Maples has recently expanded into Luxembourg. What were some of the key reasons behind this expansion?
Our expansion into Luxembourg was driven by a number of factors. If we had to characterise these, they would fall into two broad but obviously interrelated categories: geopolitical/regulatory developments and client needs.
We have provided domiciliation, accounting and fiduciary services from Luxembourg for over 12 years. It was, therefore, a natural evolution to add legal services.
We have had clients ask that we provide the same complementary services in Luxembourg that we already provide from the Cayman Islands, Ireland, the British Virgin Islands and Jersey.
Strategically, we want to be the pre-eminent law firm for funds, finance, corporate and tax in each of these jurisdictions.
How will the Luxembourg set-up complement Maples’ pre-existing offices?
We can now advise on Luxembourg law and are thus able to provide jurisdiction-agnostic legal advice in relation to five of the world’s pre-eminent financial and fund centres to a client base that is truly global and increasingly active in a number of these locations in addition to their home jurisdictions.
Almost without exception, the other offices of the Maples group serve clients who have fairly substantive interests in or exposure to Luxembourg already.
On the domestic front, our affiliate MaplesFS currently has more than 65 staff and a daily need for Luxembourg legal advice for the clients already serviced by MaplesFS.
The ability to offer our clients a seamless service offering, to the exacting standards that they expect, is a real differentiator and allows our clients to focus less on project management, and more on their core business, all in the knowledge that their issues are being handled by a cohesive group of competent and like-minded professionals who have the same core values and solutions focus.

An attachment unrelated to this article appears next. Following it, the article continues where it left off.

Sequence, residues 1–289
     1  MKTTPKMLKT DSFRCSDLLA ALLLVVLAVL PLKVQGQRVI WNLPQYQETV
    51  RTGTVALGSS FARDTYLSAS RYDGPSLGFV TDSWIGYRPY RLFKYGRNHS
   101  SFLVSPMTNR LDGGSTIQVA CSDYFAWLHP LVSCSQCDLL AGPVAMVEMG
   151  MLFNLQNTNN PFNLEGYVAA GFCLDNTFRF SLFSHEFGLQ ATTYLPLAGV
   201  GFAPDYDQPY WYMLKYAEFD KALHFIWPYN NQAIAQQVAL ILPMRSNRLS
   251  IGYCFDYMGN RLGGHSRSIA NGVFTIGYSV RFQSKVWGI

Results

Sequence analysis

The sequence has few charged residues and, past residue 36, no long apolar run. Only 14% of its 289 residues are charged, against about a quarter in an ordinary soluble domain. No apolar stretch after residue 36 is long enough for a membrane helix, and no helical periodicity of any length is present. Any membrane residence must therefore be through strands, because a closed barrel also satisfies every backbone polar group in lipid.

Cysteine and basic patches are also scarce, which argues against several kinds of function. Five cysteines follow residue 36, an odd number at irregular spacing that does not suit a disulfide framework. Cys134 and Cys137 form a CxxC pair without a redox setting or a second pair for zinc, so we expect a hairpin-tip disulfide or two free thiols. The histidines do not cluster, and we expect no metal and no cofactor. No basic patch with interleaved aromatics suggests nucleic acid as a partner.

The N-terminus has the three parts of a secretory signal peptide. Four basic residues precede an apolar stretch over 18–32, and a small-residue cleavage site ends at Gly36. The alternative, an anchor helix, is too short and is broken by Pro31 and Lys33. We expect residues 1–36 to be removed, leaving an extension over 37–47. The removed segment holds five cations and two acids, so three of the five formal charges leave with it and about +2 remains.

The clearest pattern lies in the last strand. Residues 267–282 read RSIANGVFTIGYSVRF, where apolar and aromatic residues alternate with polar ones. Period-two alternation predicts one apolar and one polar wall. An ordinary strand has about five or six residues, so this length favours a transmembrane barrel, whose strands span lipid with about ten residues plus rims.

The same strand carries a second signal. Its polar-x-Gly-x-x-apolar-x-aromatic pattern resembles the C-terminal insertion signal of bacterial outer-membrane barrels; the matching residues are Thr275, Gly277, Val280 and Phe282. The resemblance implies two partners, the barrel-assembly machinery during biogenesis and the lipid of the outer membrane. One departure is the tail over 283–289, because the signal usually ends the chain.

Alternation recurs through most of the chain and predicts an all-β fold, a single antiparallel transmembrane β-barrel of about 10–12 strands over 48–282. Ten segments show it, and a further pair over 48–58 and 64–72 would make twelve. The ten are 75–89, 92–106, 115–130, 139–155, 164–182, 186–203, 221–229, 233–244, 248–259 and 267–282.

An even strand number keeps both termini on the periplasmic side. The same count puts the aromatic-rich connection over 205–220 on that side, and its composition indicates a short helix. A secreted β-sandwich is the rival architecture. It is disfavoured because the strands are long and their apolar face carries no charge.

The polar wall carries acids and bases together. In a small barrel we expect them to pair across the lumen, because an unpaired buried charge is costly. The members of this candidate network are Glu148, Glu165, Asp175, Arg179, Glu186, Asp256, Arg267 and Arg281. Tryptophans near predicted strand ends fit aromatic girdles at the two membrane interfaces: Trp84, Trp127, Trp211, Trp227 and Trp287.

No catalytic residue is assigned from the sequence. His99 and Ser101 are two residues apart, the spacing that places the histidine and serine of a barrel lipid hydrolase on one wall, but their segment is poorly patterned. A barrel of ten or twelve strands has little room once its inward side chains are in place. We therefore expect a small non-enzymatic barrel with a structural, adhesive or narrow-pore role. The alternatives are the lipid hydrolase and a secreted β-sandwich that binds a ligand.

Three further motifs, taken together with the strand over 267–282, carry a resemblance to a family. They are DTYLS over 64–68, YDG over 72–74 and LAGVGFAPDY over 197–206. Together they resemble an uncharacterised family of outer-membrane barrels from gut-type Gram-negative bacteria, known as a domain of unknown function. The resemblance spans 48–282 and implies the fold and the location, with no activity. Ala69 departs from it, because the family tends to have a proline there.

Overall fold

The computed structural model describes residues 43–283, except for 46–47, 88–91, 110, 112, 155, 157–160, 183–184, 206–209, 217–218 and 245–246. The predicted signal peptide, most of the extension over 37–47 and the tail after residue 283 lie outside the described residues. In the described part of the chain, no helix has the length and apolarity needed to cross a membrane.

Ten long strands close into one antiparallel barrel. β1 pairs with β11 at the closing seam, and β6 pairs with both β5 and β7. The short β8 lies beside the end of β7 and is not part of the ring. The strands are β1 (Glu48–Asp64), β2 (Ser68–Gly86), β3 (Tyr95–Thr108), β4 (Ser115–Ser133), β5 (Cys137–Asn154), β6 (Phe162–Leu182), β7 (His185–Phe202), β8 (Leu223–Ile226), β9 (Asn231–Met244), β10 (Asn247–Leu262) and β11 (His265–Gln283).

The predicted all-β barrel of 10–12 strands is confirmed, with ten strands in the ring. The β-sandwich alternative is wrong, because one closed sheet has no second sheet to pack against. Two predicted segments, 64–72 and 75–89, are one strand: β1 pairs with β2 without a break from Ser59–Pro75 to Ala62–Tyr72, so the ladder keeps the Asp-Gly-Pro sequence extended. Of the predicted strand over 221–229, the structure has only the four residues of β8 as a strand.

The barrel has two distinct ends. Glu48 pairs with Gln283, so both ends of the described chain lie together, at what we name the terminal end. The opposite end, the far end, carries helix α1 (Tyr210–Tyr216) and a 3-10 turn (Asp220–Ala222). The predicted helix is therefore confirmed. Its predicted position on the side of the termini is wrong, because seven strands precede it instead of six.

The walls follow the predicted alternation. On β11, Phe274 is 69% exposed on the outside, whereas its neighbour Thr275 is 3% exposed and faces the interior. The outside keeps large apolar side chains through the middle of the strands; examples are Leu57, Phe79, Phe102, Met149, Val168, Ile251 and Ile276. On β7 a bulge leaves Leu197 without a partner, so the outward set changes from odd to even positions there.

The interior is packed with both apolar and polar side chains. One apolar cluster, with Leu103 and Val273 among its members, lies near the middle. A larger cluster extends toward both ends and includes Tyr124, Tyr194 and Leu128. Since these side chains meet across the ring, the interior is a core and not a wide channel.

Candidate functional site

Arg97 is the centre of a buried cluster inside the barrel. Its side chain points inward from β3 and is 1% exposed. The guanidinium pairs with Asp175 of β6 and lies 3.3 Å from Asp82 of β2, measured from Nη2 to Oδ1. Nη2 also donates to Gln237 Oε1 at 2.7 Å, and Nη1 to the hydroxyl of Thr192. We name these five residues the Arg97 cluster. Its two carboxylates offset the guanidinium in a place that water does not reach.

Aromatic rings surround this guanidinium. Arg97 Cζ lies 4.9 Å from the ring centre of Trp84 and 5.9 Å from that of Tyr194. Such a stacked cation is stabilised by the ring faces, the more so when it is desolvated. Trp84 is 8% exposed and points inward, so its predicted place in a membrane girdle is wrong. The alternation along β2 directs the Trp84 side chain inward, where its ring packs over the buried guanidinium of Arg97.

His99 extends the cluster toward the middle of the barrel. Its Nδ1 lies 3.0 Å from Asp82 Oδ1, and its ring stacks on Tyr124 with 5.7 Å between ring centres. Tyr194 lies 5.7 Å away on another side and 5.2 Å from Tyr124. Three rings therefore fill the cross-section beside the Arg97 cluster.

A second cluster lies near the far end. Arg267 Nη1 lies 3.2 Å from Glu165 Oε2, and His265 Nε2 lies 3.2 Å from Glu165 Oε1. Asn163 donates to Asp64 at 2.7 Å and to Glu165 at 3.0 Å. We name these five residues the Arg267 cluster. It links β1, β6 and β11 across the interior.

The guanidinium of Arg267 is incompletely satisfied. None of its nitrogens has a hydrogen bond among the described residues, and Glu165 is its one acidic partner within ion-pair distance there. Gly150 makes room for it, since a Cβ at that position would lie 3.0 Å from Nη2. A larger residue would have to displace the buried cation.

Our clients and referral partners have already experienced the “Maples difference” and the feedback thus far has been universally positive and invigorating to us all.
In what ways will this office be able to provide euro-centric solutions?
Together with our law firm colleagues in Dublin and in collaboration with our MaplesFS offerings in Dublin and Luxembourg, we can cover the needs of clients in the two major EU hubs for international fund and financing offers, so we have post-Brexit Europe pretty much covered in the cross-border/international business sense with the offerings across legal and fiduciary service lines.
Our experience has shown, however, that the Luxembourg and Irish service offerings have appeal and real value beyond the borders of the EU and EEA and a large number of the clients we act for also have needs in the Cayman Islands, the British Virgin Islands, Jersey and in our 13 other global locations.
We have already been involved in a number of structures that cover a combination of these locations and, in collaboration with other law firms, in the US, the UK or various Asian, European and South American countries.
What structure trends have you been noticing lately? What is popular?
We have seen, across the group, an increasing appetite for parallel fund structures, usually with a combination of US, Cayman and either Luxembourg or Irish funds.
These structures are typically used by clients who target a global fund raise. The same type of clients also often employ “mini-master” fund structures, where the European fund acts as the master fund, with feeder funds set up for non-European investors, usually in Delaware and the Cayman Islands, depending on the specificities and location of the investors.